Continental Trading and Hardware v. Fajardo

A-6973-97T1 (N.J. Super. App. Div. 1999) (Unpublished)
  • Opinion Date: November 12, 1999

CONTRACTS; UCC; STATUTE OF LIMITATIONS—Even if the “running account” exception to the statute of limitations applied to collection of monies owed for the sale of goods, it would do so in the context of the four year limitation under the Uniform Commercial Code.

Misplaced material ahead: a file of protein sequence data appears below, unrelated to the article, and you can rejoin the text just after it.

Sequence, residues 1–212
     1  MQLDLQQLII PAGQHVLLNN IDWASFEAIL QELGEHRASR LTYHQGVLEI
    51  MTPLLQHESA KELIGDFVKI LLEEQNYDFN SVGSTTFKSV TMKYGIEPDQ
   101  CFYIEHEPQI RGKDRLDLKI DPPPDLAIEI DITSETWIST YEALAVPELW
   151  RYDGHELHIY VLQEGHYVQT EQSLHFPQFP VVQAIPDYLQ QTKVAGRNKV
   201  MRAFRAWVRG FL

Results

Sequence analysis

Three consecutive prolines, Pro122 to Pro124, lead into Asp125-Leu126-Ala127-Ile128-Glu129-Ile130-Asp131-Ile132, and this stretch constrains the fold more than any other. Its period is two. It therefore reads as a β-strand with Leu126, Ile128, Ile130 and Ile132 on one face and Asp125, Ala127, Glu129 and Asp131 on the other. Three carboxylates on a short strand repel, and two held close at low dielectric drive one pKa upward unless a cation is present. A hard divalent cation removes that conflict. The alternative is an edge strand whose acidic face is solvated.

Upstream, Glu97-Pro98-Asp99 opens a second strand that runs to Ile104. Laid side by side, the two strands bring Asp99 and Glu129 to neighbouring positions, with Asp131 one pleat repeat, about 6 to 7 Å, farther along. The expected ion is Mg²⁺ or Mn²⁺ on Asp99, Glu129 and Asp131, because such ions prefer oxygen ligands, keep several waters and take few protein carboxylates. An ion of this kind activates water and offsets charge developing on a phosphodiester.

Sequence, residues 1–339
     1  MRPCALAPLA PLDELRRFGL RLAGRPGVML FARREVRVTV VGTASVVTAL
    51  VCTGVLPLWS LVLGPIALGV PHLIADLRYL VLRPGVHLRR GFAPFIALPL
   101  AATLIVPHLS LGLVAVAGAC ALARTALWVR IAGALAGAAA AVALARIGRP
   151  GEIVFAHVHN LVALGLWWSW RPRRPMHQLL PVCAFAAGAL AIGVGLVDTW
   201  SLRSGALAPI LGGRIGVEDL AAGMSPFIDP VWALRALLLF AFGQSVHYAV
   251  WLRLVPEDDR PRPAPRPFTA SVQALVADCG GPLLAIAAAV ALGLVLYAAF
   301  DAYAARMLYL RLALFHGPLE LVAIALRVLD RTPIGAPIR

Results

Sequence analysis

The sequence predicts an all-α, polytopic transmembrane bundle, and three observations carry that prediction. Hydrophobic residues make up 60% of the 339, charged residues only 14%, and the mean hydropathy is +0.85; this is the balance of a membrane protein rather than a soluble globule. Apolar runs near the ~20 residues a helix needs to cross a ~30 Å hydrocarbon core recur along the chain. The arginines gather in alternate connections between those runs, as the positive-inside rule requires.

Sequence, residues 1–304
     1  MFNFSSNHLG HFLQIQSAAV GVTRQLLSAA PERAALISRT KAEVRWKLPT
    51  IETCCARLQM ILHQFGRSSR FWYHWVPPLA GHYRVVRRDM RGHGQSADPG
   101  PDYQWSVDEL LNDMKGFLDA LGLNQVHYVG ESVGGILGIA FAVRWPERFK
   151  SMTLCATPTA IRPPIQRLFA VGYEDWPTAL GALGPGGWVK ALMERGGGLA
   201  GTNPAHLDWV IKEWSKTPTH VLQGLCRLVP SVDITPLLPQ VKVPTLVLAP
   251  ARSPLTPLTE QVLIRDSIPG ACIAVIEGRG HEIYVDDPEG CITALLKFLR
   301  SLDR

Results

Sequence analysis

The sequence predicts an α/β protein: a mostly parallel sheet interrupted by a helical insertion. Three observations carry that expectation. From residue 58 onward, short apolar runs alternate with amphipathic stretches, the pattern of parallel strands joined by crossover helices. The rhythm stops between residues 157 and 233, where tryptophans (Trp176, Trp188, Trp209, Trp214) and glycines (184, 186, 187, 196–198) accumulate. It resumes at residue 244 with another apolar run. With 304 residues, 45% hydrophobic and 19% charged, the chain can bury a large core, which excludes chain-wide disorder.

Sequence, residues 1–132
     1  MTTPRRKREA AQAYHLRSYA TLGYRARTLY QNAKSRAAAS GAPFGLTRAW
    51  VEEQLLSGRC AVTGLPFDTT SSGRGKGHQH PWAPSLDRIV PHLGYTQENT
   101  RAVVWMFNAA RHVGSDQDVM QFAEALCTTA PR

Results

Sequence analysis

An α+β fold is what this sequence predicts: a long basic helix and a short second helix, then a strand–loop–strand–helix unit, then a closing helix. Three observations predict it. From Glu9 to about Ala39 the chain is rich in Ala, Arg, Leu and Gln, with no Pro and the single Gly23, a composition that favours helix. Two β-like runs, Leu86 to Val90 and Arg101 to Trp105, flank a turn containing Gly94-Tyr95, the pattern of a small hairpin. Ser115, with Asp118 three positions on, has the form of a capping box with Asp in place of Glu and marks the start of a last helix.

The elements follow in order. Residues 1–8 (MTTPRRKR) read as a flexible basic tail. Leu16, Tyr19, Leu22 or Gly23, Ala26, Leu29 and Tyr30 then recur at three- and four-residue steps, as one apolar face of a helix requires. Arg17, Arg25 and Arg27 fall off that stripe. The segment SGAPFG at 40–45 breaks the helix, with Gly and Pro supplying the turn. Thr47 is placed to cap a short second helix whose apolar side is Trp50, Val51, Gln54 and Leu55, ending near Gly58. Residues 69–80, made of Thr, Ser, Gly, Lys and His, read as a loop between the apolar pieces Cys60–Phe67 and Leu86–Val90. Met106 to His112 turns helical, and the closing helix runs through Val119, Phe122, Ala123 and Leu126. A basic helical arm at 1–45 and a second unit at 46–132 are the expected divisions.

A contractor bought building supplies on credit. The purchases were made from time to time and bills were usually sent on a monthly basis. Payments on account never fully paid the balance. The last bill sent on the running account in January of 1992 called for payment in early February. No payment was made and a collection law suit was filed about five and one half years later. The lower court dismissed the complaint based on the four-year statute of limitations provided for in the Uniform Commercial Code (UCC) in respect of the sale of goods. On appeal, the supplier argued that the six-year general statute of limitations for contracts governed the relationship of the parties because it, the contractor, was not a merchant. The Court disagreed, holding that because a “merchant” under the UCC includes any person “who deals in goods. ,” both parties in this action were merchants. Moreover, the Court held that even if it were to assume that the contractor was not a merchant but an ordinary consumer, the UCC still controlled because the transactions involved the sale of goods. The supplier also argued that its action was timely because of the “running account” exception to N.J.S. 2A:14-1. The Court disagreed and further held that New Jersey and “most jurisdictions apply their Uniform Commercial Code statute of limitations to actions involving ‘running accounts’ based on the sale of goods.” Further, case law makes the assumption that if the “running account” exception applied, it would do so in the context of the UCC’s four-year limitation.